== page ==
Automating picture upload to Twitter


I've been doing a spot of micro blogging on Twitter for the last week or two and I'm especially intrigued by the picture services that are available as posting a picture is a lot more interesting then a bit of text. Besides, I hear a picture is worth a thousand words and that fact is especially pertinent when it comes to Twitter's 140 characters per post limit.

Twitter doesn't currently support picture uploads however there are a couple of other services that do and it's Twitpic and Twitxr that I've been messing around with. You can use Twitxr as your micro blogging portal in its own right or, more likely, you can configure these services to integrate with your Twitter page so that when you upload a picture to them the accompanying text and a link to your picture appear on your corner of Twitter.

Twitpic is the official site for sharing your snaps on Twitter however I prefer Twitxr. Both work in a similar way and in my case I can take a picture on my mobile phone and email it to either service along with some text to accompany it. I find Twitxr is quicker to show my uploaded image and it is shown in a more logical format with the description preceding the link to the picture rather than Twitpic's method of showing the link before the description. It makes more sense to me to talk about something and then link to it rather than Twitpics method of doing it the other way around although I understand that this is to ensure the link to the picture is not cut off by too many characters in the body text.


Twit!
A comparison of the Tweets from Twitxr (top) and Twitpic. Notice Twitxr shows the text before the link
while the Twitpic layout is the reversal.



Twitxr is also quieter and at the time of writing an uploaded picture will stay on the public timeline for several minutes whereas Twitpic is so busy you'll miss it if you blink. Twitxr also has a local timeline which is interesting as you can see what other people in your general geographic location are doing. At the moment, the only other person in my geographic location is a bloke in Birmingham who hasn't uploaded anything for about a month!

While browsing the public timeline in Twitxr last weekend I noticed someone in Italy was uploading images from a webcam which got me wondering if I could automate sending a picture from my evil server webcam on a regular basis, say once a day at about noon. I figured it shouldn't be too difficult from my Linux server so long as I had a Mail User Agent (MUA) to create an email with the webcam image as an attachment, a Mail Transfer Agent (MTA) to send the email to an SMTP server from where it can be beamed to one of these picture services and a cron job to kick it off at the same time each day.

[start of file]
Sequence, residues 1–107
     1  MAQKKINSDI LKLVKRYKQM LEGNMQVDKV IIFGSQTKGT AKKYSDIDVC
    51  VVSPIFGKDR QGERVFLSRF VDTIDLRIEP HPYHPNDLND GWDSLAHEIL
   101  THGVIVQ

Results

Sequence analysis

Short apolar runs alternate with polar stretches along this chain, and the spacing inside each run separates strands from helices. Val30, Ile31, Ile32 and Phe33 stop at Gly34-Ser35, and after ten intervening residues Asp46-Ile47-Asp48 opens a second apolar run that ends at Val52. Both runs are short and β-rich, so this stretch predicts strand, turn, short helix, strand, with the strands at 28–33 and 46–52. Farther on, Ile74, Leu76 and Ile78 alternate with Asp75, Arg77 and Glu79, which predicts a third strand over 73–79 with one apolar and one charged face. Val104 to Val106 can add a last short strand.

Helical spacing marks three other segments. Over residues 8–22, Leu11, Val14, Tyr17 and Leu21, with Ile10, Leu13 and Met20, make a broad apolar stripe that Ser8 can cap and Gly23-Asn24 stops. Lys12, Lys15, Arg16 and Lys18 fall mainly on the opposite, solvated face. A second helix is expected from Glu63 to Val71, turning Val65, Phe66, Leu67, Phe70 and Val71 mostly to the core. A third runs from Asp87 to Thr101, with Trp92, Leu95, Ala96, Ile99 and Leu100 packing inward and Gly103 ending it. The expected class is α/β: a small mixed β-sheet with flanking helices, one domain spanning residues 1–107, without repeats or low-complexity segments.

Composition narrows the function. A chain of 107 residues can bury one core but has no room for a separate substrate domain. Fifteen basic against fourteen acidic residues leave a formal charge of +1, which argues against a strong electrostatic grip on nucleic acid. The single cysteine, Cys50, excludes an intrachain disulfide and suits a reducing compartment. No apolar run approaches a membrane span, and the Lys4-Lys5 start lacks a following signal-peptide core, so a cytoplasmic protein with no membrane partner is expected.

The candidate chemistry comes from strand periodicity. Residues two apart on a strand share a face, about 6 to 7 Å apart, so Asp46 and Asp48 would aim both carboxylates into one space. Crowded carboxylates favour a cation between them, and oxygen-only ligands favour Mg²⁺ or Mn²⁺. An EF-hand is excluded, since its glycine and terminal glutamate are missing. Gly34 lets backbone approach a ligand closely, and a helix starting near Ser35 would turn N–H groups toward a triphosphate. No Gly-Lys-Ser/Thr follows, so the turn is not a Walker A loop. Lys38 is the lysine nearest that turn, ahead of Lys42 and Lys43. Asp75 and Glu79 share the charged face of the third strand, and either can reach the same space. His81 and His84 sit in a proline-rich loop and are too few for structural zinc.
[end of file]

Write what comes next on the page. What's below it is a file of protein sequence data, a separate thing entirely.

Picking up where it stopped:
For this task, I'm going to use mutt as the MUA and esmtp as the MTA. Both are in my repository and can be installed via Synaptic or with:

sudo apt-get install mutt esmtp


Mutt is a command line email program that I admit I'm not too familiar with although from what I can gather it will allow you to stitch together an email without being responsible for its transport. That is to say, there is no setting in the mutt config file where an SMTP server can be specified in order for the email to be sent and mutt doesn't have SMTP built-in. This is why I've installed esmtp. Mutt will create the mail and hand it over to esmtp for it to be thrown at an SMTP server, which in my case is hosted for me by an external provider.

Thus, for me the configuration of esmtp is simple. I can edit the global esmtp config file by entering:
sudo nano /etc/esmtprc

and within my config file all I need is:
hostname=smtp.myprovider.com:587    #port 587: SMTP submission
username=<my smtp username>
password=<my smtp password>


Similarly my mutt configuration file is also pretty simple. The default file is located in my profile so I can edit it with:
nano ~/.muttrc

and all I need in this file is:
set realname="<your mail display name>"  #See note 1
set from="<your email address>"          #See note 2
set use_envelope_from=yes                #See note 3
set sendmail="/usr/bin/esmtp"           
#Specifies MTA program

Note 1: This is your display name and may not be rquired
Note 2: Some services may require your picture to be submitted from the mail address you have registered with them
Note 3: If not set, your mail will be sent from @localhost

For debugging purposes, the following line is also useful as it gives you a log file:
set sendmail="/usr/bin/esmtp -v -X ~/mutt.log"

I'm going to test my configuration by entering the following command (all on one line) which should submit a picture, text and location to Twitxr:
mutt -s "Leamington Spa, Warwickshire UK" -a /home/saveryd/Desktop/testpic.jpg This email address is being protected from spambots. You need JavaScript enabled to view it. < /home/saveryd/Desktop/body.txt

To break this command down: